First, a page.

Growing Spuds: High-Risk, High-Reward

Despite a tough start with a new crop, one farm family held on and found success.

By Richard Banks | Photos By Will Stillman

In the first three years of raising what was then Southern Alberta’s hot new crop, John Vossebelt almost lost the farm.


“When we started in 2000, we were partly froze out,” says John, noting an early frost that destroyed a large portion of his first harvest. While the next year provided a good yield, “2002 froze us out again.

“When you just start in this business [making] the big investments, you cannot have a bad year,” continues John. “But we had two.”

The new crop was potatoes and by the time he made the decision to raise them, John was no rookie producer. He had been farming since the late ’60s, when he immigrated at age 18 to Alberta from the Netherlands. Having remained in the area near Lethbridge, he worked with other farms until 1975, when he started his own operation, primarily raising sugar beets and grains near the community of Chin. Yet, in potatoes, he and many other area farmers saw a new, promising opportunity.

In the latter part of the 1990s, new and existing potato processors had either built new plants, expanded or made announcements to do so. Southern Alberta would soon see processing capacity expand fivefold to 500,000 tons per year. The markets were cooperating. John was doing his part. Only the weather didn’t get the memo.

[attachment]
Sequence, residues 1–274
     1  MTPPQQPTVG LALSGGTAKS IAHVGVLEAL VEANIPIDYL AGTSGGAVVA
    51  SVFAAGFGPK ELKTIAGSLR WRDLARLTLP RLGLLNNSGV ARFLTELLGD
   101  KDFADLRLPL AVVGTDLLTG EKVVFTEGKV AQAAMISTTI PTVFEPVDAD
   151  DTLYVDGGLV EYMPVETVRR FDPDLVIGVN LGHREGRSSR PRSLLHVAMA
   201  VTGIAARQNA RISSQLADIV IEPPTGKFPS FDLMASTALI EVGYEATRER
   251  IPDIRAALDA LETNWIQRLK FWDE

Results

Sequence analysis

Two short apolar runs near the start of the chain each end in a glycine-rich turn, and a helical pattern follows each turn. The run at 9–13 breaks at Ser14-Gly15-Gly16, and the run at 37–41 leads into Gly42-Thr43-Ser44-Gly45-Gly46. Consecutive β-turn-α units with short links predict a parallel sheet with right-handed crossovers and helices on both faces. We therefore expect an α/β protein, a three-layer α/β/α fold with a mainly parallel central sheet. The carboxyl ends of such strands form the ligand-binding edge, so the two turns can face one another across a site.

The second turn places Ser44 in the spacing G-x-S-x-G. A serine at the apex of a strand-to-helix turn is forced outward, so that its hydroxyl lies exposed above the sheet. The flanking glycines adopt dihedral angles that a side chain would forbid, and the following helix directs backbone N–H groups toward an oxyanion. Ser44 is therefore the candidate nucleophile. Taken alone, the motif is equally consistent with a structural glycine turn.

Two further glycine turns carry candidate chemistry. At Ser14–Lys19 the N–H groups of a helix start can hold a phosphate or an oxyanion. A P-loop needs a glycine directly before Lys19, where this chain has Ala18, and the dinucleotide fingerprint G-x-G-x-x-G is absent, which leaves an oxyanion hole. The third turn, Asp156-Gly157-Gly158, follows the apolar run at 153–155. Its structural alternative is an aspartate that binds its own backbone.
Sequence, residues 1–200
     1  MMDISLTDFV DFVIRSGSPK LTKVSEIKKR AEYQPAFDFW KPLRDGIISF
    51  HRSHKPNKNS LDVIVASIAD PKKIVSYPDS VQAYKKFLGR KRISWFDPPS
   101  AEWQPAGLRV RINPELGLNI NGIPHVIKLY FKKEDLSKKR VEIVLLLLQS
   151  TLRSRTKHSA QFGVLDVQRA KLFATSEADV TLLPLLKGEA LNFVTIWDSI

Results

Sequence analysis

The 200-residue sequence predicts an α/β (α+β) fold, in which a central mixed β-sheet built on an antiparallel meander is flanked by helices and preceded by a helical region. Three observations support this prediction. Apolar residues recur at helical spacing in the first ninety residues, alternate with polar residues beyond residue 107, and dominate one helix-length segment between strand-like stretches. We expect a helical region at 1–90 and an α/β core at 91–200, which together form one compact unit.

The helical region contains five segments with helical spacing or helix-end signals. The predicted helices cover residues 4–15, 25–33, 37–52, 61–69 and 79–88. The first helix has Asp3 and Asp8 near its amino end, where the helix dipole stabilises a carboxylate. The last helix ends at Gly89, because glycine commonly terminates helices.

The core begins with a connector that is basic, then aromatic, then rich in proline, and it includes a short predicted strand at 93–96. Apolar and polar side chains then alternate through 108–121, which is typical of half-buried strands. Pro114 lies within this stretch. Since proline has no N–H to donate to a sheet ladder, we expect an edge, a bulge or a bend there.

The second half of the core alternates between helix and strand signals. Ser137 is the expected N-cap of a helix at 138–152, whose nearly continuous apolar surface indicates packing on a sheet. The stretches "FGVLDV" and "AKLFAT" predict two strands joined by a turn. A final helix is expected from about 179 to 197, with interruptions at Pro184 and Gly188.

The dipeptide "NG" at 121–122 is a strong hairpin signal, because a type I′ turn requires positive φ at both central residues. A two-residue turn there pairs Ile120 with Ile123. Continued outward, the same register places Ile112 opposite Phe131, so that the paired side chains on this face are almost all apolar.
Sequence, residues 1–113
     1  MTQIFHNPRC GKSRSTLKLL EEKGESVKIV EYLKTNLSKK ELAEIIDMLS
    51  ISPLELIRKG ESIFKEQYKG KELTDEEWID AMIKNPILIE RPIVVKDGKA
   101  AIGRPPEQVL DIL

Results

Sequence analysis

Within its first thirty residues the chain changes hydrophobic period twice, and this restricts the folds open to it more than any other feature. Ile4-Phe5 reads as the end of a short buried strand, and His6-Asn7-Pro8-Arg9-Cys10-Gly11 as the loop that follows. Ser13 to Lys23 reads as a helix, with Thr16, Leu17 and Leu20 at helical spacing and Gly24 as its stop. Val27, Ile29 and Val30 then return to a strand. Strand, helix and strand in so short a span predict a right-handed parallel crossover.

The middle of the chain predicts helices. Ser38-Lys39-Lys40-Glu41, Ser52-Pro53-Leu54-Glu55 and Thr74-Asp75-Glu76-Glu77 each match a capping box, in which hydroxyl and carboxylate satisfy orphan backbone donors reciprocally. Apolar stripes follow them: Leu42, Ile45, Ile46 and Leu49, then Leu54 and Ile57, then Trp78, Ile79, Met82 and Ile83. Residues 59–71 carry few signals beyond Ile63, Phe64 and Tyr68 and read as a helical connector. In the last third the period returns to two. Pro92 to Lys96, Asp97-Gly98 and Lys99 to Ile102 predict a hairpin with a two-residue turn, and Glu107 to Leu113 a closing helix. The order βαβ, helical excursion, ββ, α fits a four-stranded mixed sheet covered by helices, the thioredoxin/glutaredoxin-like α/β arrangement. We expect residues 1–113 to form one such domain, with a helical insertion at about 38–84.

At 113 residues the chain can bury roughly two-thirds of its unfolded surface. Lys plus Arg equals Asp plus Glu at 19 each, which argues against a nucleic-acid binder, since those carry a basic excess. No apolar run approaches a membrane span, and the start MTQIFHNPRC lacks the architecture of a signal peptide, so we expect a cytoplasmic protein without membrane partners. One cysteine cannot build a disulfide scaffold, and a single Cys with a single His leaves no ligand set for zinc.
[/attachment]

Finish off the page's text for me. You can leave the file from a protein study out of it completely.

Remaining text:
“We’d gotten the equipment, prepared the land and ourselves by learning about growing [potatoes],” John says in his deep baritone, accented with hints of his native Dutch. “We knew potatoes would be a high-risk crop, but we knew in our gut we could be successful.”

It ended up being more gut-wrenching, at least in the beginning. “If it were not for our suppliers that had faith in us and carried us for another year, we would not be in business now.”

Potato seed being processed in the Vossebelts’ storage facility.

Potato seed being processed in the Vossebelts’ storage facility.

A decade and a half later, with the help of his wife, Ann, their five children and, says John, “many others,” the Vossebelt patriarch has built a successful operation named Chin Coulee Spud Farms. Using both rented acreage and land the family owns, John, who now shares management with his two sons, Delbert and Dwayne, farms some 2,500 acres near the Old Man River, a meandering waterway flanked in many areas by clay cliffs off of which many First Nations ingenious hunters would chase buffalo.

Fed largely by snowmelt, the river is, according to Delbert, one of the secrets to the success of regional farms, most of which are irrigated. “What’s key for us is our water quality,” says the oldest of John’s two sons. “We have access to good, quality irrigation from mountain streams.”

As a result, “potatoes that we grow here are high-quality spuds,” he continues, explaining “that’s a reason why these french fry plants are here in Alberta. There are three … within 100 miles of each other.”